11. 11.

    Ortega FB, Sui X, Lavie CJ, Blair SN. Body mass index, the Most widely used but also widely criticized index: would a criterion standard measure of Total body fat be a better predictor of cardiovascular disease mortality? Mayo Clin Proc. 2016;91(4):443–55.

  12. 12.

    Hsieh SD, Yoshinaga H, Muto T. Waist-to-height ratio, a simple and practical index for assessing central fat distribution and metabolic risk in Japanese men and women. Int J Obes Relat Metab Disord. 2003;27(5):610–6.

  13. 13.

    Tuan NT, Adair LS, Stevens J, Popkin BM. Prediction of hypertension by different anthropometric indices in adults: the change in estimate approach. Public Health Nutr. 2010;13(5):639–46.

  14. 14.

    de Oliveira CM, Ulbrich AZ, Neves FS, Dias FAL, Horimoto A, Krieger JE, et al. Association between anthropometric indicators of adiposity and hypertension in a Brazilian population: Baependi heart study. PLoS One. 2017;12(10):e0185225.

  15. 15.

    Abshire DA, Mudd-Martin G, Moser DK, Lennie TA. Comparing measures of general and abdominal adiposity as predictors of blood pressure in college students. J Am Coll Heal. 2018;66(1):51–60.

  16. 16.

    Wu X, Li B, Lin WQ, Huang LL, Wang XX, Fu LY, et al. The association between obesity indices and hypertension: which index is the most notable indicator of hypertension in different age groups stratified by sex? Clin Exp Hypertens. 2019;41(4):373–80.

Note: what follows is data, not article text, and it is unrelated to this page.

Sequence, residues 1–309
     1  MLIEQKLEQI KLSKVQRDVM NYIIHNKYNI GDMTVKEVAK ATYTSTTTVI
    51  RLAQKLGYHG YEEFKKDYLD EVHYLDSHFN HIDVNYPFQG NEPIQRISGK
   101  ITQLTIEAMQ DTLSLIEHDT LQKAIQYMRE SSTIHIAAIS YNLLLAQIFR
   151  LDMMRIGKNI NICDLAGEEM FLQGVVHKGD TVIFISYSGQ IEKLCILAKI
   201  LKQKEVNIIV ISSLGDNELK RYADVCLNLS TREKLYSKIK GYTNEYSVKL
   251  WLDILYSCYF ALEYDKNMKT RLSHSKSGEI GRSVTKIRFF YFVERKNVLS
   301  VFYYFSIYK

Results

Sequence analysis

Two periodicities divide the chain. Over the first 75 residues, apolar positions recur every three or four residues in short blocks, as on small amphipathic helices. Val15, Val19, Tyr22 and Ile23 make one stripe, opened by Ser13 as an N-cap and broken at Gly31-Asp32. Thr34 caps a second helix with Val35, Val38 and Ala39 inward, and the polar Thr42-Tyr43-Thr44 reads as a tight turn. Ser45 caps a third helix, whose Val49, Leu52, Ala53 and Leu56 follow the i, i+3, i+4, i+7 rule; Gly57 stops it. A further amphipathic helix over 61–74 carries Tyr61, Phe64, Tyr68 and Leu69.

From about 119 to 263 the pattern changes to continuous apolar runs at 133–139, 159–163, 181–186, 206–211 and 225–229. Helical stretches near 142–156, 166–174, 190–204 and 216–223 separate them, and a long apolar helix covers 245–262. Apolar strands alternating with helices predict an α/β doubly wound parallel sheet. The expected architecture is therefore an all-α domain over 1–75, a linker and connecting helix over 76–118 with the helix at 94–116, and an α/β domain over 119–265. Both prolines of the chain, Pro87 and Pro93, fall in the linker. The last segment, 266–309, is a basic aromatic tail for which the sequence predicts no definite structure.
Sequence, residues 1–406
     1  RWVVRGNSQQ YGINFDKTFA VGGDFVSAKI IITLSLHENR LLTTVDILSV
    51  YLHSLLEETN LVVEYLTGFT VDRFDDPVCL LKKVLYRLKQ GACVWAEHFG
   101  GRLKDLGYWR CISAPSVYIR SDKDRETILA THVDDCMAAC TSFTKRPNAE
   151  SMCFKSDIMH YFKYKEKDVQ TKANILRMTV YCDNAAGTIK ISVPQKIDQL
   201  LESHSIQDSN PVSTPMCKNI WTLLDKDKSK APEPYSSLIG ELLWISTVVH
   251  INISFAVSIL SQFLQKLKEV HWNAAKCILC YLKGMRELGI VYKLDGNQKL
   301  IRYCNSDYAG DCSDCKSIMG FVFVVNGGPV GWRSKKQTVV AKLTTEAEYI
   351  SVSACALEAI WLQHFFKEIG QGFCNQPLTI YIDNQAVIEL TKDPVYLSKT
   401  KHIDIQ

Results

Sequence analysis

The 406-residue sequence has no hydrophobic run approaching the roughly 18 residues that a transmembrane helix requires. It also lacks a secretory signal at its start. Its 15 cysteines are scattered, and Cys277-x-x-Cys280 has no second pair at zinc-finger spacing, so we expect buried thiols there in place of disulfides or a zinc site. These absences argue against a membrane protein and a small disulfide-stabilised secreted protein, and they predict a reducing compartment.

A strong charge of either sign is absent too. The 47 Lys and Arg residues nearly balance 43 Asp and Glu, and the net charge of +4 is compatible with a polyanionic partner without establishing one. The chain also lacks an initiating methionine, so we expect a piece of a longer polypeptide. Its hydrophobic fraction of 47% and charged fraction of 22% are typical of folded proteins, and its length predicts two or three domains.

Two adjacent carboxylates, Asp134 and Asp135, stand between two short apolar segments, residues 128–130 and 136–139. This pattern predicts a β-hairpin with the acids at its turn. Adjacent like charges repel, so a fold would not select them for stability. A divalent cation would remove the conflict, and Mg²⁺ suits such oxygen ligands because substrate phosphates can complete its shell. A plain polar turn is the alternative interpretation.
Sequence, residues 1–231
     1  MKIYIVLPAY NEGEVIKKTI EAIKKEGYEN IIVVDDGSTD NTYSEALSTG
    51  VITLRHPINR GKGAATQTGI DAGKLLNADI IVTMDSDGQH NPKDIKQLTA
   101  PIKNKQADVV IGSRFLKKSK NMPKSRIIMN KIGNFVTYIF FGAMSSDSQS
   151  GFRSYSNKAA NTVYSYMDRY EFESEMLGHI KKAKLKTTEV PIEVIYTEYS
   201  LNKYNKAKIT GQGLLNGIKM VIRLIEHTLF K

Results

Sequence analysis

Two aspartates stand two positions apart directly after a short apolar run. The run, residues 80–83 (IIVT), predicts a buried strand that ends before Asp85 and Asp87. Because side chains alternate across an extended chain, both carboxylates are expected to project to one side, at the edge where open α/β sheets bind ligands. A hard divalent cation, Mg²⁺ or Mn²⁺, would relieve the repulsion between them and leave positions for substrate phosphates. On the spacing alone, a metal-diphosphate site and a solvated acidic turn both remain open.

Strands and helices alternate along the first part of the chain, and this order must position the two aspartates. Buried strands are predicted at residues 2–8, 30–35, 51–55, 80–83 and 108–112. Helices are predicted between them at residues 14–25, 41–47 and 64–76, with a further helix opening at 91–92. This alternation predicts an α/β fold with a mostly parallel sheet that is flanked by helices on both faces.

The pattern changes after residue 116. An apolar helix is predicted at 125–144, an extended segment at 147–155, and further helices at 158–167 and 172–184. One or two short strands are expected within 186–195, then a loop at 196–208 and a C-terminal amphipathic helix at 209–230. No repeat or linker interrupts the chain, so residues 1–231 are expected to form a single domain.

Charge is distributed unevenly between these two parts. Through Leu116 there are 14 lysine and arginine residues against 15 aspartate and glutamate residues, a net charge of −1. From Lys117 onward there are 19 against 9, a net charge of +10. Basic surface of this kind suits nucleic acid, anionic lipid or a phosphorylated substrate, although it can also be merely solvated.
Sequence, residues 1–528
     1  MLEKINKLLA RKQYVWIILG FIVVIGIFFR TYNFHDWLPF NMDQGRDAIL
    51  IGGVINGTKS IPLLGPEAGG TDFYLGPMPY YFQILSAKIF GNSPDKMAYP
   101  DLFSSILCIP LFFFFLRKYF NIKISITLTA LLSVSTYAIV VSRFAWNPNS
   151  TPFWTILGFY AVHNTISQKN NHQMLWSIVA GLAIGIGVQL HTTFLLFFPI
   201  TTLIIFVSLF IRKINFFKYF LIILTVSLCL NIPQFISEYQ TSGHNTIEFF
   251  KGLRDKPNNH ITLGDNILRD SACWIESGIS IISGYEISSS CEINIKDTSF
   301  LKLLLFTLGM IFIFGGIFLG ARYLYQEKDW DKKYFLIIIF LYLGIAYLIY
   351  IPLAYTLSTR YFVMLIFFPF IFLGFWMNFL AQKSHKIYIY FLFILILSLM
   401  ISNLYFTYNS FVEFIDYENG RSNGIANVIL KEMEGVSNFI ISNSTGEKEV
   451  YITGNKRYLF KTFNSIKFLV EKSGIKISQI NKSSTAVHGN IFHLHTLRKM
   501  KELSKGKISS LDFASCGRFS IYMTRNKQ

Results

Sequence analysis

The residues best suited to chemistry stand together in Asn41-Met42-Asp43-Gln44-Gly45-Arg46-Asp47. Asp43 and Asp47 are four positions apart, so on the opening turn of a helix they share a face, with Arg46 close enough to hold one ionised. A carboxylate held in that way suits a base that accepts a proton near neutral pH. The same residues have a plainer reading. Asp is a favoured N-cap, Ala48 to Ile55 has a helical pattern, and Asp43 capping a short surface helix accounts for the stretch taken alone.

17. 17.

    Kawamoto R, Ninomiya D, Kumagi T. Handgrip strength is positively associated with mildly elevated serum bilirubin levels among community-dwelling adults. Tohoku J Exp Med. 2016;240(3):221–6.

  18. 18.

    Kawamoto R, Tabara Y, Kohara K, Miki T, Ohtsuka N, Kusunoki T, et al. Smoking status is associated with serum high molecular adiponectin levels in community-dwelling Japanese men. J Atheroscler Thromb. 2010;17(4):423–30.

  19. 19.

    Kawamoto R, Tabara Y, Kohara K, Miki T, Ohtsuka N, Kusunoki T, et al. Alcohol drinking status is associated with serum high molecular weight adiponectin in community-dwelling Japanese men. J Atheroscler Thromb. 2010;17(9):953–62.

  20. 20.

    Horio M, Imai E, Yasuda Y, Watanabe T, Matsuo S. Modification of the CKD epidemiology collaboration (CKD-EPI) equation for Japanese: accuracy and use for population estimates. Am J Kidney Dis. 2010;56(1):32–8.

  21. 21.

    Chobanian AV, Bakris GL, Black HR, Cushman WC, Green LA, Izzo JL Jr, et al. The seventh report of the joint National Committee on prevention, detection, evaluation, and treatment of high blood pressure: the JNC 7 report. Jama. 2003;289(19):2560–72.

  22. 22.

    Fluss R, Faraggi D, Reiser B. Estimation of the Youden index and its associated cutoff point. Biom J. 2005;47(4):458–72.

  23. 23.

    Bertsias G, Mammas I, Linardakis M, Kafatos A. Overweight and obesity in relation to cardiovascular disease risk factors among medical students in Crete, Greece. BMC Public Health. 2003;3:3.

  24. 24.